Last February, the Senate held a committee hearing on the future of 5G wireless technology. Amid fulsome praise of the technology’s potential—five times faster internet speeds!—Senator Richard Blumenthal of Connecticut introduced a note of caution. “5G, as you well know, uses higher-frequency waves that don’t travel as far and rely on a network of hundreds of thousands, potentially millions, of small cell sites,” he said. “The question then is, are there any health implications, any public safety implications, to those additional sites that are likely to be located close to homes, schools, workplaces, and closer and closer to the ground?”
The answer from the assembled industry leaders was likely not what the senator was hoping for. “There are no industry-backed studies [of risks to public health] to my knowledge right now,” said Brad Gillen, the executive vice president of CTIA, a trade association representing the wireless communications industry. “With small cells, especially, you’re going to have lower power levels … but no, I’m not aware of any [studies],” offered Steve Berry, CEO of the Competitive Carriers Association.
“So, there really is no research ongoing; we’re kind of flying blind here so far as health and safety are concerned,” Blumenthal concluded, looking rather dissatisfied.
The impending arrival of 5G has thrust the debate about the health risks of cell phones back to the forefront. But for the subjects of Claudia Gori’s photographs, who suffer from electromagnetic hypersensitivity (EHS), it’s not a debate—it’s their lives. Gori first learned about the condition from the Werner Herzog documentary Lo and Behold: Reveries of the Connected World, and decided to seek out EHS sufferers in her native Italy. “The people I met began to have symptoms when they started using a lot of electronic devices, especially after Wi-Fi was developed,” Gori says. “They started to feel disturbed by their computer screens or smartphones.”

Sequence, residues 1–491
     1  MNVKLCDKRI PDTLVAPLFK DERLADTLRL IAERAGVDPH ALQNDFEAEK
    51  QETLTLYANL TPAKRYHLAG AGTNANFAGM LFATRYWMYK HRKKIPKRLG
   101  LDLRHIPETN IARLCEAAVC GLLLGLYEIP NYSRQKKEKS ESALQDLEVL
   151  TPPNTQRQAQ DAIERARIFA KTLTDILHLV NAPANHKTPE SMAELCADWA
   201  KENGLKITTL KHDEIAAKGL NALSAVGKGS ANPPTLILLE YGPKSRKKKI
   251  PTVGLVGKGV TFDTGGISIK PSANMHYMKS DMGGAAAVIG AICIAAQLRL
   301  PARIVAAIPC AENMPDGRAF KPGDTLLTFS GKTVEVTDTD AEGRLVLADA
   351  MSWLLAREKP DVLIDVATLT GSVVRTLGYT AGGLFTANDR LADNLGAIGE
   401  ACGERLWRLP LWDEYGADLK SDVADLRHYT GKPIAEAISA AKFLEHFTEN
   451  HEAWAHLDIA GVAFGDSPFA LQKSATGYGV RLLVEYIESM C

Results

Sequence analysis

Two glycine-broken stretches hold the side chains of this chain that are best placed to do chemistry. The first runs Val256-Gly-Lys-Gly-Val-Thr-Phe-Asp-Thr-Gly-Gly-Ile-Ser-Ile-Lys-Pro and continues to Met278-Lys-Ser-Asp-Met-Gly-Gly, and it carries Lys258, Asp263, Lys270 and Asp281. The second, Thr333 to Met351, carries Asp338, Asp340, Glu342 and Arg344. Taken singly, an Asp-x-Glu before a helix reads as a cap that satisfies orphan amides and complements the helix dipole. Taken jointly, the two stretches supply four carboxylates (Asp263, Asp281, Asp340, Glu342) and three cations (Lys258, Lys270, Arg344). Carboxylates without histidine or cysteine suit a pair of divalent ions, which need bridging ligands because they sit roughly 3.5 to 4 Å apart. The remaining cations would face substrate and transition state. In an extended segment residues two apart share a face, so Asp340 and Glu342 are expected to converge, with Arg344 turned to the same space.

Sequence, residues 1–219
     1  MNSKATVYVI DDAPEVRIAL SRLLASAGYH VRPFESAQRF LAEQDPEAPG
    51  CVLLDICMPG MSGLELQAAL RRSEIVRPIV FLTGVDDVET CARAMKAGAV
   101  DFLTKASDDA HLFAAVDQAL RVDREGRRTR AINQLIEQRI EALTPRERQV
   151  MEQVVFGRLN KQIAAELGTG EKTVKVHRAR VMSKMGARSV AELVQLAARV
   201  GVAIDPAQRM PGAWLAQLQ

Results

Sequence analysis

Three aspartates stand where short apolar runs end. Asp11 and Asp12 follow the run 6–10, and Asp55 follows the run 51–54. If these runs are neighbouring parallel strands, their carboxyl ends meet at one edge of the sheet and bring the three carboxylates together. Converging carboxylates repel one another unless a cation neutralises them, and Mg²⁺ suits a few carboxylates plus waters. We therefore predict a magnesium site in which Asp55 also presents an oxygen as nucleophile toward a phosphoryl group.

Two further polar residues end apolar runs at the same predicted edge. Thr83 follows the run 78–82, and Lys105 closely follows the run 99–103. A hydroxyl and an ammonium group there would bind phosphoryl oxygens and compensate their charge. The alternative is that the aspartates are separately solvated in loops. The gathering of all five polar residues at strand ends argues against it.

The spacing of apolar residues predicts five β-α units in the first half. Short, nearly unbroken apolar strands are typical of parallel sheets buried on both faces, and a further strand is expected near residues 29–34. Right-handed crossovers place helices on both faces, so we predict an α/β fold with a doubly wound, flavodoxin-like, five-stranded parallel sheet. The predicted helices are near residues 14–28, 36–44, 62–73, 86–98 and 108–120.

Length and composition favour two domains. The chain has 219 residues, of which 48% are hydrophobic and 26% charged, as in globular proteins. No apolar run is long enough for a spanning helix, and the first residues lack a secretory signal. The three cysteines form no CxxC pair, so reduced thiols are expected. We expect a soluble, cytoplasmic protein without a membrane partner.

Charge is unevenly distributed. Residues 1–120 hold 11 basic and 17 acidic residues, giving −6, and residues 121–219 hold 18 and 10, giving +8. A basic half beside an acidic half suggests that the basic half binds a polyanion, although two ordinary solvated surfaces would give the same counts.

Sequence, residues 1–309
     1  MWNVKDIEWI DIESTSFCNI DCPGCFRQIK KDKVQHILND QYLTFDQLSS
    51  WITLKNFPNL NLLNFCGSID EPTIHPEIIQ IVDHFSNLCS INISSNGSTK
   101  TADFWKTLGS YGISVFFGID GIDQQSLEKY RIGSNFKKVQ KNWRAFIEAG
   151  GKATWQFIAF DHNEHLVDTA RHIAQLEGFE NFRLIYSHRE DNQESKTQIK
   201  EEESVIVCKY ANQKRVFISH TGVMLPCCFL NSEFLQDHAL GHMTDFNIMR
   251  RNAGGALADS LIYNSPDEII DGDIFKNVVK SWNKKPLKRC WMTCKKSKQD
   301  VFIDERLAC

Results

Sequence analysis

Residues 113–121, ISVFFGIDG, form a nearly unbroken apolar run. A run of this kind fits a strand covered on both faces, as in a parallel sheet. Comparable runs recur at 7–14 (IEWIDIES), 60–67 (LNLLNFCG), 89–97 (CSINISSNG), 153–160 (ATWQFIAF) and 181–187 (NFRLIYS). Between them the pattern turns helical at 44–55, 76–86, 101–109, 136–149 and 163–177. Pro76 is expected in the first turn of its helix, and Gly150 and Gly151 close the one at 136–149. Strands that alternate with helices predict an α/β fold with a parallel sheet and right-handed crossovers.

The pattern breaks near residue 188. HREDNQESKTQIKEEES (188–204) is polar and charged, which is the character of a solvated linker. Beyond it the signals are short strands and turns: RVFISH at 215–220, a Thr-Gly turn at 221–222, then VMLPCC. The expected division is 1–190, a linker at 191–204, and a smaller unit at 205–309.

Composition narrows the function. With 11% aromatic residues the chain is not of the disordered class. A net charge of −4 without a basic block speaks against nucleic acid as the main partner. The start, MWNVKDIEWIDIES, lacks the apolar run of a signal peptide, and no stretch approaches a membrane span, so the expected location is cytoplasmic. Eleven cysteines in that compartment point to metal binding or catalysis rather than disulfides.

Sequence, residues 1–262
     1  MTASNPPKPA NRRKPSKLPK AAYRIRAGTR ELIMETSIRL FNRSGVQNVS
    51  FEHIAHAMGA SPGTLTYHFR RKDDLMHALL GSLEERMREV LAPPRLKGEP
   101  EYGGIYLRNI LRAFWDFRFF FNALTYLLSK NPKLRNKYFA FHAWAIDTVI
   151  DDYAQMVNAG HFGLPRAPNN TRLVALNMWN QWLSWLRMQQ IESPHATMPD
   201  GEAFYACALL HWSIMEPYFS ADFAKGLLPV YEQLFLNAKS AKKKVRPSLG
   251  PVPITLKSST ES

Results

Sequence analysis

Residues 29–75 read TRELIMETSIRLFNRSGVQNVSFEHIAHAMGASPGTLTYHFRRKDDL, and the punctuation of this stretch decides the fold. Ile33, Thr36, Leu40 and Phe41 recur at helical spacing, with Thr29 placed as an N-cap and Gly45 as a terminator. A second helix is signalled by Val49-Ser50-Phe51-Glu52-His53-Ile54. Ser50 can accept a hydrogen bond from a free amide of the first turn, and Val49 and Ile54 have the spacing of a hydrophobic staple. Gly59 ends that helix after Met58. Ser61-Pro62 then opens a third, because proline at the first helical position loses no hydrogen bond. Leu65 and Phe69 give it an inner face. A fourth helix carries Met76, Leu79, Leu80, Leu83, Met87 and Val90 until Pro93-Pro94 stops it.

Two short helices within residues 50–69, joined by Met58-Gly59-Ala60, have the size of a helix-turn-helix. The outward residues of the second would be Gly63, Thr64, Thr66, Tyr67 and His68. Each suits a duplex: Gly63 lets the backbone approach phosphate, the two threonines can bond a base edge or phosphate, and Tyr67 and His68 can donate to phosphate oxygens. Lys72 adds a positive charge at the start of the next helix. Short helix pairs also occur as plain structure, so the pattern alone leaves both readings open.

According to the World Health Organization, a few individuals per million suffer from EHS, with higher rates in Sweden, Germany, and Denmark. Symptoms range from tingling and burning sensations to fatigue, concentration difficulties, nausea, and digestive disturbances. Because no causal link has been scientifically established between these symptoms and the electromagnetic fields emitted by electronic devices, the WHO has said that “EHS is not a medical diagnosis, nor is it clear that it represents a single medical problem.”
Since EHS isn’t recognized as an illness, most sufferers are self-diagnosed. The widespread skepticism about their condition is often the hardest part, Gori says. “Some of them lose their families and friends, because nobody believes them. People say they’re crazy or depressed, that they have psychological problems. The way people talk about EHS is very painful to them.” Many EHS sufferers have to quit their jobs because they can’t use a computer, further isolating them from society. Some, like EHS sufferer Chuck McGill on Better Call Saul, have transformed their homes into makeshift Faraday cages to keep out electromagnetic waves.
For her part, Gori says she emerged from the project convinced that EHS is real. “I’ve never been skeptical of them,” she says. “We are often not aware of all the kinds of pollution that surround us, whether it’s chemicals, noise, or electromagnetic fields. So the idea that these invisible things can make our bodies suffer made sense to me.” The title of her project, The Sentinels, refers to the idea, popular among people who suffer from EHS, that they are simply canaries in the coal mine.
“They say that what they feel now, everyone will feel in the coming years,” Gori says. The science, though, says that that’s unlikely.
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